On a reported basis, Q1 EBIT for North America grew 19%, due to strong revenue growth and gross margin expansion.
For Q1, Western Europe revenue grew 25% on a currency neutral basis, with double-digit growth across all territories and categories. As both Mark and Trevor discussed, we’re very pleased with the results of our work to develop an integrated marketplace with engaging, differentiated retail presentations. Both DTC and wholesale revenues advanced strongly for the quarter.
On a reported basis for Q1, Western Europe revenue increased 32%, while EBIT jumped 52%, driven by revenue growth and gross margin expansion, as well as the translation benefit of a stronger euro.
In central and eastern Europe, currency-neutral revenues rose 9%, with growth across all key categories except action sports, and all territories except Russia and Israel. We continue to closely monitor the situation in these markets, and remain focused on the things we control: building strong consumer connections, leading with innovative products, and managing a healthy marketplace.
Overall, we’re pleased with our results in CEE, and remain confident in this geography’s growth prospects. On a reported basis, revenue for CEE grew 7%, but EBIT declined 16%, reflecting FX headwinds, particularly in Russia, lower gross margins, and SG&A investments to support the World Cup.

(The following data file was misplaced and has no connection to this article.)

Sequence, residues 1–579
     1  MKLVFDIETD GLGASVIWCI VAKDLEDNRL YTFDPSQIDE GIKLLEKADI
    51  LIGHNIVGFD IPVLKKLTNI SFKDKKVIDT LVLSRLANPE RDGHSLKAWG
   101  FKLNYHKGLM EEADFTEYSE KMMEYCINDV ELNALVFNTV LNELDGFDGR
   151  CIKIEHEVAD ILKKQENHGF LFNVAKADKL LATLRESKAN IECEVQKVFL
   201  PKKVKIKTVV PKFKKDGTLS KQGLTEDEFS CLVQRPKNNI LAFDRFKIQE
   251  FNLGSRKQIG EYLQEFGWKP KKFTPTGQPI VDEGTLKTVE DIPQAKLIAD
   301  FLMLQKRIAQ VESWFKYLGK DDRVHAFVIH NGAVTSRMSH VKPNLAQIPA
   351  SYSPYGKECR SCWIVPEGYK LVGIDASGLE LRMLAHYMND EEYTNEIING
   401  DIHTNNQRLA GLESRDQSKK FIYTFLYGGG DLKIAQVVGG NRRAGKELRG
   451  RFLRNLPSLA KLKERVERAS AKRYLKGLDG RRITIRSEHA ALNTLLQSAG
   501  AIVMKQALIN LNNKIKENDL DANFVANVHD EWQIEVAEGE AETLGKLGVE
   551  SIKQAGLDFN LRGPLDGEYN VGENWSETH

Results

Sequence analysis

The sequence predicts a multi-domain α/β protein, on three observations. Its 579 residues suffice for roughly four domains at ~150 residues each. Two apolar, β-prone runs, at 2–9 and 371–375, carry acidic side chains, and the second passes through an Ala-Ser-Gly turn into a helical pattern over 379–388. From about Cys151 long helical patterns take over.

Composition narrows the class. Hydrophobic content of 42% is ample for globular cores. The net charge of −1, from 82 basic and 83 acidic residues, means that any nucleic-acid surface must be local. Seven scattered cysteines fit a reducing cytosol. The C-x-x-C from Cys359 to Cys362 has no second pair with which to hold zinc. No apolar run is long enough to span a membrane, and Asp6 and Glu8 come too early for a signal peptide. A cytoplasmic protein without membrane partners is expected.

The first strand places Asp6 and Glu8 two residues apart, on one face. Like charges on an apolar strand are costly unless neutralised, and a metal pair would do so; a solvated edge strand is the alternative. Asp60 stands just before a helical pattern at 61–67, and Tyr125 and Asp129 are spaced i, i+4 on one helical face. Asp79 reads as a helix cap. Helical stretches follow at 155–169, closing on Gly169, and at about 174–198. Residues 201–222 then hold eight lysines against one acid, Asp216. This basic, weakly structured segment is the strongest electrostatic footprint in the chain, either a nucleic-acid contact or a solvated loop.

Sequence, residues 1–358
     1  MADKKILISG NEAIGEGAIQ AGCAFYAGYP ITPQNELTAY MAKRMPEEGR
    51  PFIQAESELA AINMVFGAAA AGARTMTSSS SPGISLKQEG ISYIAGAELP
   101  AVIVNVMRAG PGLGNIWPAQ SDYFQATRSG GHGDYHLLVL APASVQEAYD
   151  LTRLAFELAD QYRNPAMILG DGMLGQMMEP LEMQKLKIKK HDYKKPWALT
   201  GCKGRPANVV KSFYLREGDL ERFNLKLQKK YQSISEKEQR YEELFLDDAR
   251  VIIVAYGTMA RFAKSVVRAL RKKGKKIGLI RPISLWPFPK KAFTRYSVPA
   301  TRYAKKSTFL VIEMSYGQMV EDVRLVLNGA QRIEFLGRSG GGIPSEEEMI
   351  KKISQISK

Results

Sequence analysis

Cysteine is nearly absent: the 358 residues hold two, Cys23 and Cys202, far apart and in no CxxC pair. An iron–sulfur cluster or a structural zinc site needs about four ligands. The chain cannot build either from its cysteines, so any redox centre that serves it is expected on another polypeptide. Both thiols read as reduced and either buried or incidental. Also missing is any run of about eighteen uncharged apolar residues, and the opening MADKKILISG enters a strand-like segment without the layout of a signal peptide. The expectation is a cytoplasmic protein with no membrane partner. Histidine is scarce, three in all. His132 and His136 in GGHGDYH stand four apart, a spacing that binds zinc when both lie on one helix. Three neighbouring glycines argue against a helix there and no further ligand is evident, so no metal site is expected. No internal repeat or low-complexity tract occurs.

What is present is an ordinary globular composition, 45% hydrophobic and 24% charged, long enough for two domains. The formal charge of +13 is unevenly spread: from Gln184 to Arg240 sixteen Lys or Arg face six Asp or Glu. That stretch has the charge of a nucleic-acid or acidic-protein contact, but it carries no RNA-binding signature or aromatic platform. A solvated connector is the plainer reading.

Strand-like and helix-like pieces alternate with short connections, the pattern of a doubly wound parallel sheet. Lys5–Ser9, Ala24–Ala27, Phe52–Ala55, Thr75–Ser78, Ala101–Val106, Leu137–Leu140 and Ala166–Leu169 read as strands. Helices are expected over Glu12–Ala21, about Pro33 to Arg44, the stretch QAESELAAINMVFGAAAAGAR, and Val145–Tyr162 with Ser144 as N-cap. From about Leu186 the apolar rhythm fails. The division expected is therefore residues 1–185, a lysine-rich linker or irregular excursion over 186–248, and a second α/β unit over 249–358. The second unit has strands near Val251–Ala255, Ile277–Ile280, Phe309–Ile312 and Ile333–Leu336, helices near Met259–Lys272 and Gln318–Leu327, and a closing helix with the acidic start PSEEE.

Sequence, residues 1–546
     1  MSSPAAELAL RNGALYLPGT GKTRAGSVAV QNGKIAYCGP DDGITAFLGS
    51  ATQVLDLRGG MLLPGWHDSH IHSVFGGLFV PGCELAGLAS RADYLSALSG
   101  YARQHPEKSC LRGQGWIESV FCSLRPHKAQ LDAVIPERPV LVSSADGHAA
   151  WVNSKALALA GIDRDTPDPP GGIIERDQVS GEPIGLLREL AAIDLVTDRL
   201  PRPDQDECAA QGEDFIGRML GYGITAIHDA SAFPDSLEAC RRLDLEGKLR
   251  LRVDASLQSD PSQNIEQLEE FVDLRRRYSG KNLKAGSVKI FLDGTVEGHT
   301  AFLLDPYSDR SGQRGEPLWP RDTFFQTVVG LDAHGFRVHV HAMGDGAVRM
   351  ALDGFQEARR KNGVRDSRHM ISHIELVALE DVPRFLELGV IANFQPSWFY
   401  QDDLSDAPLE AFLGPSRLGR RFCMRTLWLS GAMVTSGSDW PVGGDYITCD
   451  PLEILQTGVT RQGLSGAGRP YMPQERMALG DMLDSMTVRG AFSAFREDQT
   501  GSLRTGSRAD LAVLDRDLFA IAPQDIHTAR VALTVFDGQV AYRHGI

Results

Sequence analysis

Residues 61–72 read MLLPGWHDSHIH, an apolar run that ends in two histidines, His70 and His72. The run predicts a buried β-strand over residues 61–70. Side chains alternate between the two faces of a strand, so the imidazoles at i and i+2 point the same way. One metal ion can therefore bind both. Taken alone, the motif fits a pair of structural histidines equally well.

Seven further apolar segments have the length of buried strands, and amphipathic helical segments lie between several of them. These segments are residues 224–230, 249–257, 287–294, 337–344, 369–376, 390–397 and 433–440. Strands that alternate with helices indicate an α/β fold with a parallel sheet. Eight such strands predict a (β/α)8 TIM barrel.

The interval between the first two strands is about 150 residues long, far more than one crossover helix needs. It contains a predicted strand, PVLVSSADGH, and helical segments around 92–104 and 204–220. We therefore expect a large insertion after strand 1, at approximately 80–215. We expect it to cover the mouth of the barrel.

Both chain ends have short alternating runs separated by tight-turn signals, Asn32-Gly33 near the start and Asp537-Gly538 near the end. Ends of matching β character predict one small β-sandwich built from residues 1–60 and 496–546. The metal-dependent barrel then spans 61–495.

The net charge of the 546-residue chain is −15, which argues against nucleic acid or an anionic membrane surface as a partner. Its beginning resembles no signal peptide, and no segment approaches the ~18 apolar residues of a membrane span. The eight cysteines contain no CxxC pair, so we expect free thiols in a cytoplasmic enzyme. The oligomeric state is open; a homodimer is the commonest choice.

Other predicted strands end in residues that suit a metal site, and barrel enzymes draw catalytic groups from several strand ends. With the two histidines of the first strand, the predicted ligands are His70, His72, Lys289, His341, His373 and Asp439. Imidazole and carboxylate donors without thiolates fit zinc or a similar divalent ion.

In Greater China, currency-neutral revenue grew 20% for the quarter, with double-digit growth in our three largest categories: sportswear, basketball, and running. As Trevor discussed, we’re seeing the results of our strategies to sharpen our product assortments and reset the marketplace.
On a reported basis for Q1, China revenue rose 18% while EBIT grew 28% as higher revenues and gross margin expansion more than offset the impact of SG&A investments in DTC and our new Shanghai campus.
On our last earnings call, we projected revenues in China to grow at a somewhat faster rate in Q1 than for the full year, due to changes in seasonal product flow and significant variations in prior year comparisons. Q1 growth was even stronger than we expected, due to higher DTC revenue growth and at once sales. We expect these trends to continue, driving FY15 revenue growth for China to a low to mid-teens rate, with the growth heavily weighted to the first half.
In the emerging markets, currency neutral revenues increased 10%, reflecting revenue growth in every territory except Mexico and our Latin American distributors. From a category perspective, the growth was led by double-digit growth in sportswear, running, global football, basketball, and women’s training.
On a reported basis, Q1 revenue for the emerging markets grew 4%, but EBIT declined 26% as a result of marketing investments in the World Cup and FX headwinds in a number of markets. We remain confident in the significant growth potential of this geography, and as Trevor discussed, we’re focused on doing the right things now to evolve these developing marketplaces and further strengthen our brand to generate sustainable, profitable growth for years to come.
First quarter revenue for Converse increased 16% on a reported and currency neutral basis, driven by market conversions in Europe and Asia, as well as continued growth in direct distribution markets such as the U.S. and the UK. EBIT increased 10% for the quarter, as revenue growth was partially offset by investments in DTC and infrastructure to support the brand’s long-term growth and profitability.